“What, another Churchill book?” This was my wife’s comment when she saw me reading this book. I’ve read Churchill’s own account of World War 2 as well as several other biographies. So, beyond my admiration for Churchill, what possible reason was there to pick up this book?
What Hastings does is focus particularly on Churchill’s leadership of England from his ascent to Prime Minister in 1940 during England’s darkest days, to his ignominious departure from office in July of 1945, shortly after Allied victory in Europe. What Hastings gives us is neither a hagiography nor a hatchet job. Rather I found this a balanced treatment that justly celebrates the qualities of character that made Churchill the “indispensable man”, at least up to 1943, as well as delineating the less seemly aspects of his leadership.
Among the latter was his conservatism, which he had to overcome in dealings with Stalin, and resulted in his lack of connection with the domestic concerns of his own people, particularly in post-war life, which accounted for his unceremonious turning out from office. He was also an infuriating dabbler in military strategy, particularly with the British Army, whose leadership frustrated him. He avoided the castastrophic errors such as invading the Dardenelles that brought him down in World War 1 but was often thwarted in diverting forces from the D-Day invasions by the Americans who had to put up with repeated proposals for actions other theaters. He also could not see, as did Roosevelt, the end of Britain’s colonial empire.
All of this, and other flaws, pale in the light of the fact that Churchill was a warrior, more than most of the war-weary military leadership in England. He recognized that Nazi tyranny could never be compromised with, and from early 1940 until America’s entry in the war in late 1941, led Britain in standing alone in the face of possible invasion threats and the air Battle of Britain that convinced Hitler to turn eastward in the fatal decision to invade Russia. Hastings, more than others I’ve read, recognizes that while Churchill and Roosevelt were not nearly as close as often stated, Churchill’s major success was in bringing the US into the European War when it would have been easier to focus our attention in the Pacific. He also argued persuasively for the importance of Allied action in 1943, so that Russia might not be seen as fighting Germany all alone.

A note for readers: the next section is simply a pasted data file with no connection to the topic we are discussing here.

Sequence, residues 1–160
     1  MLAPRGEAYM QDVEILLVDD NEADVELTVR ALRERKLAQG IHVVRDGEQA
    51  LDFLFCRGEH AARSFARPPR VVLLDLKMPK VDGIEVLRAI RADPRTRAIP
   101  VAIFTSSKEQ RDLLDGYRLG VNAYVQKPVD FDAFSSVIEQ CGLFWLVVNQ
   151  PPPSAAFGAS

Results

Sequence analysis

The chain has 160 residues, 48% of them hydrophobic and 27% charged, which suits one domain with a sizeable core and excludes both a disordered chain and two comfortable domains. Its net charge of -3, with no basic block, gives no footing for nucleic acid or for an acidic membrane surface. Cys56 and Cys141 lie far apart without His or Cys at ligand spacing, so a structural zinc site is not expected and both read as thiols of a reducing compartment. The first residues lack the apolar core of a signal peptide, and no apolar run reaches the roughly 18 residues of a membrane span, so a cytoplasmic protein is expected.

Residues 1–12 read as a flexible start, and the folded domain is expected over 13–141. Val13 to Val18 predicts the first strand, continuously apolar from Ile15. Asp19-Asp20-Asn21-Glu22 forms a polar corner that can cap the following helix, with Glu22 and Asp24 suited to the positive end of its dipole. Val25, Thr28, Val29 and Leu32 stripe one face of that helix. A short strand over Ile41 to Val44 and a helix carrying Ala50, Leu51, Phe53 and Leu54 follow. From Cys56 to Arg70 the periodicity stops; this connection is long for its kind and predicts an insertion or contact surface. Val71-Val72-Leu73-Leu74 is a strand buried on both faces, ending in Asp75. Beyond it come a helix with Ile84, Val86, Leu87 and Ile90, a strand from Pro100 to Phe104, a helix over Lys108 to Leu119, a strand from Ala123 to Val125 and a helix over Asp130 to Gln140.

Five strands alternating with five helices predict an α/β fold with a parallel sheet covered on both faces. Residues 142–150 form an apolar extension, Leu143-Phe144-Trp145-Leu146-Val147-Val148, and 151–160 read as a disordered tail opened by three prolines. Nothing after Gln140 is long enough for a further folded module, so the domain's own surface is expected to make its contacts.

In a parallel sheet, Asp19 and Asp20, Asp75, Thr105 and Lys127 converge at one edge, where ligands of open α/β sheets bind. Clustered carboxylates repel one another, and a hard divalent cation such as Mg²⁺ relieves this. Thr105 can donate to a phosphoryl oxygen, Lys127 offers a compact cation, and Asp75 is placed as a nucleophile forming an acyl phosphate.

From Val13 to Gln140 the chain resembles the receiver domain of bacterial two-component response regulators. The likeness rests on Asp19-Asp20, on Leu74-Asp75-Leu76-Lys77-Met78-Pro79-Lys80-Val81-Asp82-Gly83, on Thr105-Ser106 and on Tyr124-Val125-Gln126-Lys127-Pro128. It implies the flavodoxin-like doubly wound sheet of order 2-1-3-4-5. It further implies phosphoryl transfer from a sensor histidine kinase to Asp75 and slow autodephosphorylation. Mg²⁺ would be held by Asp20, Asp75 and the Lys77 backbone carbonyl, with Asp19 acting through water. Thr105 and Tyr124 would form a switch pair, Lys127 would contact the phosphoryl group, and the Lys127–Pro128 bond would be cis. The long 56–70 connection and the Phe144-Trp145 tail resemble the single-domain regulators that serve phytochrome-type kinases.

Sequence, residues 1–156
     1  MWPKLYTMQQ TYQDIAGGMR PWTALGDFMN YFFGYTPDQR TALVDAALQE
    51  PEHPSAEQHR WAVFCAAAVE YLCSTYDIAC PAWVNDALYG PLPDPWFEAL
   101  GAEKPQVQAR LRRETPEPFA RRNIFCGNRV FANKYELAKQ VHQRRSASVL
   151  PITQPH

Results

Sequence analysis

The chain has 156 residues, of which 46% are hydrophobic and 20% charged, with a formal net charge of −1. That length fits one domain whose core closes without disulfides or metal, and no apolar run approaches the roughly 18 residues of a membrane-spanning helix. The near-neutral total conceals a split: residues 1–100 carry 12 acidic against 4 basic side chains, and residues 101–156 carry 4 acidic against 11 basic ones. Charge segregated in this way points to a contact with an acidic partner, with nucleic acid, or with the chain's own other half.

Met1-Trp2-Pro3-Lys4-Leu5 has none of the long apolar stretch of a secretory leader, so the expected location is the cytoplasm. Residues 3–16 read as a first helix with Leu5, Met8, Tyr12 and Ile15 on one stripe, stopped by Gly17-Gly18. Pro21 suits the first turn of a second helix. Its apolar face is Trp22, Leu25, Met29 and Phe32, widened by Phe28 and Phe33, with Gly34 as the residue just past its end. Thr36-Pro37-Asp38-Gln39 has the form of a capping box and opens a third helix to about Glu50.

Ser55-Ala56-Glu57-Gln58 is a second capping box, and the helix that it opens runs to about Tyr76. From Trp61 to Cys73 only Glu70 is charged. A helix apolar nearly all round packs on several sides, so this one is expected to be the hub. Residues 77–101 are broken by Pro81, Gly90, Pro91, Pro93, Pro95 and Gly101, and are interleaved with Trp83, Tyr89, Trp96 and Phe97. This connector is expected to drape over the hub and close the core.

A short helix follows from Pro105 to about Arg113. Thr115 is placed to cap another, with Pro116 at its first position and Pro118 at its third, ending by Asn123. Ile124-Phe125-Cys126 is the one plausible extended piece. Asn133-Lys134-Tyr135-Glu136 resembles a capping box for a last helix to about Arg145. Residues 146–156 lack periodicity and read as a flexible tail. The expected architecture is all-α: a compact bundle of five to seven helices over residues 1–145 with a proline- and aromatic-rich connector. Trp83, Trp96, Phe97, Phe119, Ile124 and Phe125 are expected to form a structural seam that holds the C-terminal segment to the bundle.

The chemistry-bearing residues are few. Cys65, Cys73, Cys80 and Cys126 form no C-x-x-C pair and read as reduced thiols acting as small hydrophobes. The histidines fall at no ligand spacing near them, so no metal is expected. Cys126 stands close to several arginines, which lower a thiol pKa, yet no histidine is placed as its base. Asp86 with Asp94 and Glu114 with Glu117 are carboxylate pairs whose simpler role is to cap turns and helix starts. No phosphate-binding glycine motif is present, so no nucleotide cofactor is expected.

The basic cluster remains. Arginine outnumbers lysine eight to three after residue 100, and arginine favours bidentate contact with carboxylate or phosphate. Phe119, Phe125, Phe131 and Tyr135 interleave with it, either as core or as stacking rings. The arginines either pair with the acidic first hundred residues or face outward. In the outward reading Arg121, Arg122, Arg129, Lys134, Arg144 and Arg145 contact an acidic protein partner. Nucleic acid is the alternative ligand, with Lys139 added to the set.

One of the things Hastings book explores more thoughtfully than most is this dilemma of allowing Russia to bear the brunt of fighting Germany, arguably a military necessity in light of the weakness of British military forces and the necessary buildup of American forces. Churchill perhaps agonized more than most at the postwar consequences this would have in Eastern Europe, accentuated by his inability to awaken the Americans to these concerns. Consequently, apart from rescuing Greece from communist forces, there was little he could do but protest incursions and broken agreements.
What Hastings book points up for me are the differences between peace time statecraft and warcraft. It seems these may require different kinds of leadership, and that the same person may not always be able to do both. Perhaps that was the distinction between Churchill and Roosevelt. What is clear is that when war comes, nations need leaders who can lead with courage and resolution to “see the thing through” and can impart that courage to their people, something Chamberlain could not do and both Churchill and Roosevelt did.